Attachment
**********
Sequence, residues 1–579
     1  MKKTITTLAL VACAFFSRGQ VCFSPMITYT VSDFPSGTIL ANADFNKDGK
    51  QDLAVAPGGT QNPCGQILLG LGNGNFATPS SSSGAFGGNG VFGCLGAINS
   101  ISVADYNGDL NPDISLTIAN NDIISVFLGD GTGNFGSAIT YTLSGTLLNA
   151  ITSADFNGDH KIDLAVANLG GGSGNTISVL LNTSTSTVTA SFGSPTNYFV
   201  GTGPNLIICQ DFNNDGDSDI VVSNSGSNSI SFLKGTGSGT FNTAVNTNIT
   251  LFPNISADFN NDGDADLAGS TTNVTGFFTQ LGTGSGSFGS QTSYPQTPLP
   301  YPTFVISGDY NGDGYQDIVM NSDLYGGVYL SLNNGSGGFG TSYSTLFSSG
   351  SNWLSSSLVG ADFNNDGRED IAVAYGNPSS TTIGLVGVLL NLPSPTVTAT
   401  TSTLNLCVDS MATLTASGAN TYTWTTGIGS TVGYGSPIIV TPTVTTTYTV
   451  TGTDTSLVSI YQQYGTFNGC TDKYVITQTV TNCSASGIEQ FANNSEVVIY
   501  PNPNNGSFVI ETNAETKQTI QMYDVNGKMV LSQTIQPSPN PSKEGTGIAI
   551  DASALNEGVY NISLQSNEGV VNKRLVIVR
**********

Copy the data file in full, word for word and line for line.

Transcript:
Sequence, residues 1–579
     1  MKKTITTLAL VACAFFSRGQ VCFSPMITYT VSDFPSGTIL ANADFNKDGK
    51  QDLAVAPGGT QNPCGQILLG LGNGNFATPS SSSGAFGGNG VFGCLGAINS
   101  ISVADYNGDL NPDISLTIAN NDIISVFLGD GTGNFGSAIT YTLSGTLLNA
   151  ITSADFNGDH KIDLAVANLG GGSGNTISVL LNTSTSTVTA SFGSPTNYFV
   201  GTGPNLIICQ DFNNDGDSDI VVSNSGSNSI SFLKGTGSGT FNTAVNTNIT
   251  LFPNISADFN NDGDADLAGS TTNVTGFFTQ LGTGSGSFGS QTSYPQTPLP
   301  YPTFVISGDY NGDGYQDIVM NSDLYGGVYL SLNNGSGGFG TSYSTLFSSG
   351  SNWLSSSLVG ADFNNDGRED IAVAYGNPSS TTIGLVGVLL NLPSPTVTAT
   401  TSTLNLCVDS MATLTASGAN TYTWTTGIGS TVGYGSPIIV TPTVTTTYTV
   451  TGTDTSLVSI YQQYGTFNGC TDKYVITQTV TNCSASGIEQ FANNSEVVIY
   501  PNPNNGSFVI ETNAETKQTI QMYDVNGKMV LSQTIQPSPN PSKEGTGIAI
   551  DASALNEGVY NISLQSNEGV VNKRLVIVR